Even though the Conococheague Formation is highly deformed at the Blue Ridge Quarry, there is still a lot of information about the original environment in which these sediments were deposited. The first piece of evidence is the stromatolites.
The large stromatolite shown above is the one that first interested me in this quarry. There is a break in the side of this specimen where we can see the internal structure:
It is thought that the appearance of lots of grazing animals in the Cambrian may have led to the reduction in stromatolite numbers after the Cambrian, and in fact the Boxley specimen shows evidence of grazing, in the form of traces cut across the surface (there’s a long one running below and parallel to the scale bar):
Chitons were likely not the only critters living in the Blue Ridge deposits. There are some beds within the quarry that are covered with burrows of various sizes:
There are other interesting rocks in the quarry that give clues about the depositional environment. The thrombolites are usually overlain by a coarse-grained carbonate rock called a grainstone, that seems to be made largely of ooids and possibly coprolites (ooids are carbonate grains that precipitate from seawater):
The Conococheague ribbon rock was examined in detail by Demicco (1983), who concluded that it represents sediments that were deposited on a tidal flat, an area covered by water at high tide but exposed at low tide.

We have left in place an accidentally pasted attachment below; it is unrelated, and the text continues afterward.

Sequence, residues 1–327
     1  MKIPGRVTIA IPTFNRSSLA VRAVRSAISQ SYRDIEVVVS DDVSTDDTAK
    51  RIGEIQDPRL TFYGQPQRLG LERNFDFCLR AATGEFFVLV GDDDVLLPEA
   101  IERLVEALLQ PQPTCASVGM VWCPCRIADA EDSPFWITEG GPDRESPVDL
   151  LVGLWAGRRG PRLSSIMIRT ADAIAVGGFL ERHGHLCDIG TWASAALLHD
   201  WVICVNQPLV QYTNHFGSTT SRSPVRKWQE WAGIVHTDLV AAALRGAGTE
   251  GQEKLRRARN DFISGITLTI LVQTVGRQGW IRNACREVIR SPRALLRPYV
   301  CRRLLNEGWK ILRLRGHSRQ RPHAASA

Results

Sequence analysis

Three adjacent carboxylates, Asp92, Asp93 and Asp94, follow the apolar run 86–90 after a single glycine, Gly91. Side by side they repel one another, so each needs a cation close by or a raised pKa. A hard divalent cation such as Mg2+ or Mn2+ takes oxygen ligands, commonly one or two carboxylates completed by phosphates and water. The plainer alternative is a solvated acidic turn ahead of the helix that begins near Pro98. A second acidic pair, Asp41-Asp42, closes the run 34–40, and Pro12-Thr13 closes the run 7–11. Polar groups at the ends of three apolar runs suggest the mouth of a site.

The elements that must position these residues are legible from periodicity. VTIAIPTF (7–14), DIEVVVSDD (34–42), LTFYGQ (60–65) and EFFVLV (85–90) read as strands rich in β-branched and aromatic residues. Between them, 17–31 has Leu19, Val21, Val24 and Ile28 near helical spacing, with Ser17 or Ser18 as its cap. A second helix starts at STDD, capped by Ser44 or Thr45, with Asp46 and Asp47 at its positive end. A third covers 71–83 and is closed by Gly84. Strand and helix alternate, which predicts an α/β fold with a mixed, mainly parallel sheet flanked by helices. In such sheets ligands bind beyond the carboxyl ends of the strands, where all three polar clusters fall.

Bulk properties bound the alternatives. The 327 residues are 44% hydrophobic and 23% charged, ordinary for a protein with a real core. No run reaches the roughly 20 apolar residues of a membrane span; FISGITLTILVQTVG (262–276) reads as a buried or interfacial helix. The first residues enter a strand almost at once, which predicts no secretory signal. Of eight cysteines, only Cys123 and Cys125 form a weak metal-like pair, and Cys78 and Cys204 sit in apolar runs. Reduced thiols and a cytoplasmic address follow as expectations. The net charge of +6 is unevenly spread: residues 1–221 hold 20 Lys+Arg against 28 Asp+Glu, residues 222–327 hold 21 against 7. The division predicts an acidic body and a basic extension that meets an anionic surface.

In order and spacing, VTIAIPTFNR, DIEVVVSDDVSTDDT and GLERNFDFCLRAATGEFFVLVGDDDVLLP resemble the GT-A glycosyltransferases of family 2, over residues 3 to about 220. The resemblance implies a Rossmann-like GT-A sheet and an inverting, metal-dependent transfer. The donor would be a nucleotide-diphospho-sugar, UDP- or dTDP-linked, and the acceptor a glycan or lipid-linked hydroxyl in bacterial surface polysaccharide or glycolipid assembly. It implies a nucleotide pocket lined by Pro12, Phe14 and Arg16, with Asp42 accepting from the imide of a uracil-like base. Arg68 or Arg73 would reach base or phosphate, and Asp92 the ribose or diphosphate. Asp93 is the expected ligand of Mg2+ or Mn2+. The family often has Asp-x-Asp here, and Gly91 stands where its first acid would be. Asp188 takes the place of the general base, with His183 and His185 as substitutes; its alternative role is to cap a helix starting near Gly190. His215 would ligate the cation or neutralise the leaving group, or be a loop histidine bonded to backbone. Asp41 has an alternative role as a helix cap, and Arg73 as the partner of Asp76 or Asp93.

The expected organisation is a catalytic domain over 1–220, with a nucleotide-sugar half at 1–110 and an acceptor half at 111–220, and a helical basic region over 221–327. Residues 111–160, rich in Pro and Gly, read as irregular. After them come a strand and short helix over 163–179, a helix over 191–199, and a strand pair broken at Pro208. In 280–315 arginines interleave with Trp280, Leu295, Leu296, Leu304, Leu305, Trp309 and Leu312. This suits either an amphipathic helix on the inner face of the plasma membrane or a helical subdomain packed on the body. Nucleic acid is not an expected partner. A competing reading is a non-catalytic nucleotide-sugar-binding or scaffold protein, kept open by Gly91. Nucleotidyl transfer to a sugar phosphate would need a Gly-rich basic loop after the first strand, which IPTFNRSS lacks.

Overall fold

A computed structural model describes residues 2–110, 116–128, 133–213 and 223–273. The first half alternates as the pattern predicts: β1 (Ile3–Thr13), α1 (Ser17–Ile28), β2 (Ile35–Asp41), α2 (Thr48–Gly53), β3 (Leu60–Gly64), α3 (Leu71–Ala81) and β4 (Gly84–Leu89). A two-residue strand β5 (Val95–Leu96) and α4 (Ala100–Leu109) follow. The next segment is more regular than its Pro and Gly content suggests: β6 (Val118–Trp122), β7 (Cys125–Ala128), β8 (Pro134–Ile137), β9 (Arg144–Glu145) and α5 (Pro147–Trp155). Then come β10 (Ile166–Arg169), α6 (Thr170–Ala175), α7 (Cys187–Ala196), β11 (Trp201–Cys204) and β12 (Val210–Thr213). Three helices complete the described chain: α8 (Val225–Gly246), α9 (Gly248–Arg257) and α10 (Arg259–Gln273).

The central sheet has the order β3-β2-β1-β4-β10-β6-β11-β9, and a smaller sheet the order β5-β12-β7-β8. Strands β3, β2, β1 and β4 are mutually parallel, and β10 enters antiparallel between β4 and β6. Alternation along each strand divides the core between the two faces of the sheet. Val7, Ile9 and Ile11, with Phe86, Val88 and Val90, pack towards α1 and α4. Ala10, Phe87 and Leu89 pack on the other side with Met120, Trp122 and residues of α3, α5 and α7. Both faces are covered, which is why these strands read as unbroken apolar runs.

There are two additional rock types found here, usually in close proximity to one another. Occasionally there are stromatolitic beds with the typical wavy laminations, but that are not arranged into discrete mounds:
It also turns out that the algal mound we collected is a bit unusual. Usually the Conococheaque thrombolites are merged into a continuous thick bed, rather than being discrete domes like we have at the museum. These beds can reach impressive thicknesses and gigantic sizes, like the fragment shown below that fell out of the quarry wall (the block Tim is resting his hand on is entirely thrombolitic):
One final point is that these different rocks are not distributed at random. They form repeating cycles as shown below:
Demicco (1983) interpreted these as regressive cycles; that is, as you move up the rock section (starting at the thrombolitic bed), the rocks represent shallower and shallower water (the sea is regressing). The thrombolites are thought to have formed in shallow subtidal water (under water at low tide). The grainstones were somewhat shallower but still subtidal. (In many Conococheague localities the grainstones are cross-bedded, but I haven’t observed that at the Blue Ridge Quarry). The ribbon rock is from the intertidal zone, exposed at low tide but covered by water at high tide. The algal mats at the top were above the normal high tide line and may have only been covered with water during high spring tides, or during storms. The tops of these beds are erosional unconformities when sea level was low, and the next thrombolitic bed represents the next high sea level stand.
Another noteworthy point is that the Boxley specimens we collected are quite different in shape from the typical thrombolitic beds at the Blue Ridge Quarry. I think they formed under rather different conditions from the other thrombolites, which is one of the things I’m planning to address in the paper I’m currently writing.